Five Minutes of Heaven


Five Minutes of Heaven

Critics Consensus

Oliver Hirschbiegel's dramatic take on "The Troubles" is an actor's showcase -- and Liam Neeson and James Nesbitt are more than up to the challenge.



Total Count: 44


Audience Score

User Ratings: 21,566
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Movie Info

The idea of reconciliation between two men from opposite sides of a life-and-death struggle is perhaps impossible or even incredibly naïve. Five Minutes of Heaven, a film that tracks the lives of two men from the same town but different sides of the Irish political divide, is unlike any other on this subject. One man, Alistair, is a killer; the other, Joe, is the brother of the man he killed. One feels he dare not ask for forgiveness; the other feels incapable of giving it. And so the scene is set in this masterfully conceived drama, written by Guy Hibbert (Omagh) and perfectly directed by German filmmaker Oliver Hirschbiegel. The leads are Liam Neeson and James Nesbitt, and they are both superb. But the film's careful construction is what transforms this from predictable to transcendent. This isn't a work of expiation or guilt; neither does it seek a simplistically dramatic finale. It is, like its subject, the portrait of a process; and the hatred and trauma that are its foundation are such that their genesis took years. Five Minutes of Heaven is replete with an almost-exquisite sensitivity and quest for understanding. It is perhaps impossible to erase the past, but we are better off for encountering it with the kind of passion and insight emanating from a true work of art.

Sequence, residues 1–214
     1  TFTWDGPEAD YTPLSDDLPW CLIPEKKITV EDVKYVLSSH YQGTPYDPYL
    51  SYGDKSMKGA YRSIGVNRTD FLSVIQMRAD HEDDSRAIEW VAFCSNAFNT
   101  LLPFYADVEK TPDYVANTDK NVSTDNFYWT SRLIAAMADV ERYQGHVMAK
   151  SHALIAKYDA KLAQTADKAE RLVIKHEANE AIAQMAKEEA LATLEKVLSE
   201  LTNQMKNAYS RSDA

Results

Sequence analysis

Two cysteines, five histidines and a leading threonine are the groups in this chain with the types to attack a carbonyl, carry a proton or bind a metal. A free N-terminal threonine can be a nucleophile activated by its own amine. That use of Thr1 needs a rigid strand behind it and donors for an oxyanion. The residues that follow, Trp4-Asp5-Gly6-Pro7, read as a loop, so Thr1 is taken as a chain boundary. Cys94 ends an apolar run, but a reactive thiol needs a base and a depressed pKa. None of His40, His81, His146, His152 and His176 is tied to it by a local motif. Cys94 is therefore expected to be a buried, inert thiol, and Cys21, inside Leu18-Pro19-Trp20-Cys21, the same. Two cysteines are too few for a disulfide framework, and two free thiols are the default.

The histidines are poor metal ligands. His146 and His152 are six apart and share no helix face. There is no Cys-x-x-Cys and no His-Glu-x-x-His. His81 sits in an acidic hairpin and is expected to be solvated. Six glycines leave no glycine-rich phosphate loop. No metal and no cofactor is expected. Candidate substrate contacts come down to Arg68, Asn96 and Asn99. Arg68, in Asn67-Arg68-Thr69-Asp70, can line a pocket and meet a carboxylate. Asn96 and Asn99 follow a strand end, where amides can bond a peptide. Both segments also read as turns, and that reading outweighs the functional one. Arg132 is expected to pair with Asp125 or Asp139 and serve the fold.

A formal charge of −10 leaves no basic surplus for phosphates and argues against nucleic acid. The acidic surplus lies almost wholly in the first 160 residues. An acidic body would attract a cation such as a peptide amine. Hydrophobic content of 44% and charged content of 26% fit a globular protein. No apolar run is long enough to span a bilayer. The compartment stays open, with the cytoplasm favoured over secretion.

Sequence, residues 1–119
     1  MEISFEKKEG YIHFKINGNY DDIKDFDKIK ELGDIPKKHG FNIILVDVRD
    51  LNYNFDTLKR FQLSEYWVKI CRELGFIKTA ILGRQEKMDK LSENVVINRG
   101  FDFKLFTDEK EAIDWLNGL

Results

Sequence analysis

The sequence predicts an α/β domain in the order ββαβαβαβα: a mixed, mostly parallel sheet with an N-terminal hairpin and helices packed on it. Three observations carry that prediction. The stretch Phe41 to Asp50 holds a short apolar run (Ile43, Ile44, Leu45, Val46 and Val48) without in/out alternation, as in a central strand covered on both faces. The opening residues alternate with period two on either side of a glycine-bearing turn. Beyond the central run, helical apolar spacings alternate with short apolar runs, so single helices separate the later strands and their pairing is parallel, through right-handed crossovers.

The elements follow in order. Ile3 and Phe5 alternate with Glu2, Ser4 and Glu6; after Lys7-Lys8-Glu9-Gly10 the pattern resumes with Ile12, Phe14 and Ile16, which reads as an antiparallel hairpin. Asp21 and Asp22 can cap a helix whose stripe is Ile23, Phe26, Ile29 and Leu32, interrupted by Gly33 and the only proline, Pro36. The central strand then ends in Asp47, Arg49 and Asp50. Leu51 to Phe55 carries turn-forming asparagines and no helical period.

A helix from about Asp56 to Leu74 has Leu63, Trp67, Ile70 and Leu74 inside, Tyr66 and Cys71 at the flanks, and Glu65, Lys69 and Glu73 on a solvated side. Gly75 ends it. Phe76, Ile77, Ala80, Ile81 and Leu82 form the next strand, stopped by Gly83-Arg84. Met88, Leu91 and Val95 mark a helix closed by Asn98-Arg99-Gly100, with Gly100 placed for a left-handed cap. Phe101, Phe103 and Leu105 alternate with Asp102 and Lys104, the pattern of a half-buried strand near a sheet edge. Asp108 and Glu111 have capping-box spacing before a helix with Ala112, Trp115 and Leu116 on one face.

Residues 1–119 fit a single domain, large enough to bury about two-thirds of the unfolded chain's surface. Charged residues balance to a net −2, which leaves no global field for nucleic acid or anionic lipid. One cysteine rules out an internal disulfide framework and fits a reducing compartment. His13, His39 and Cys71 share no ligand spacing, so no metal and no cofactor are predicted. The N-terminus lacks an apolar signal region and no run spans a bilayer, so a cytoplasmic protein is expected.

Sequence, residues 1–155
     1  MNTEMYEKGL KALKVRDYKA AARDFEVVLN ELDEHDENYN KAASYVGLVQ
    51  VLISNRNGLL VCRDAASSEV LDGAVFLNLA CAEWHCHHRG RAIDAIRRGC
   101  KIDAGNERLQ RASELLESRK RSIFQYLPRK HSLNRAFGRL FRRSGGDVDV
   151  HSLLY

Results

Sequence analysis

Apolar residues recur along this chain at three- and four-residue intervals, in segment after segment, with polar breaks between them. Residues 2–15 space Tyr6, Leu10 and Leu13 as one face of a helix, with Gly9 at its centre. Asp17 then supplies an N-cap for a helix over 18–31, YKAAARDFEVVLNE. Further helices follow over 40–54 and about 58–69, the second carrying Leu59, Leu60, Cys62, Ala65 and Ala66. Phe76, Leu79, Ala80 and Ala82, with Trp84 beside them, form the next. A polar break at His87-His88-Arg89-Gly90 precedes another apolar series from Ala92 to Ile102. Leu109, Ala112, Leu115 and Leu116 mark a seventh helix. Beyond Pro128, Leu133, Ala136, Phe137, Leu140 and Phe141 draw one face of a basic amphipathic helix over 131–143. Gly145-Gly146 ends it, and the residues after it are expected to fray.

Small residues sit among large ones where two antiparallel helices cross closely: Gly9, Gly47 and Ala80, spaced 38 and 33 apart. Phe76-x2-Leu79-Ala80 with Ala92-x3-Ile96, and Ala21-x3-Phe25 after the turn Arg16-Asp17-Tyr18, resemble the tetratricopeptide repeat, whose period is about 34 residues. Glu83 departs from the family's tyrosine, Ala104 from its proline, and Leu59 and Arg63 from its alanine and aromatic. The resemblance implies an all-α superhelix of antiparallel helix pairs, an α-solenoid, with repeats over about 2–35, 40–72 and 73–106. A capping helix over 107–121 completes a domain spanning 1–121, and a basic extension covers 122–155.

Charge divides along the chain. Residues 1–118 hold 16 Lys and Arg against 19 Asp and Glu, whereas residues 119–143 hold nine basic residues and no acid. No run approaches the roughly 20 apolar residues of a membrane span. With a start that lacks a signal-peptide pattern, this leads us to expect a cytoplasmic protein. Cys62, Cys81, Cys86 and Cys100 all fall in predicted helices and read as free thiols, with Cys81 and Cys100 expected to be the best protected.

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Critic Reviews for Five Minutes of Heaven

All Critics (44) | Top Critics (17) | Fresh (33) | Rotten (11)

Audience Reviews for Five Minutes of Heaven

  • May 04, 2015
    Pretty solid. Not the best movie but still a pretty interesting look at the chaotic existence between Catholics and Protestants in Ireland. Still though, I would've liked to see more of the conflict in general, as opposed to just focusing on these two men. Still though, pretty interesting.
    Stephen S Super Reviewer
  • Jul 05, 2014
    An intensely dramatic and visceral thriller with a terrific script, masterful direction and powerhouse performances with it's two leads. James Nesbitt and Liam Nesson are superb. Neeson carries the pain and acceptance of his characters actions. Nesbitt is a revelation, one of his finest and most riveting performances. A true tour de force. It feels as it was written for the stage and unfolds nicely with tension and surprise. A breathlessly original piece of work.
    Al S Super Reviewer
  • Aug 17, 2013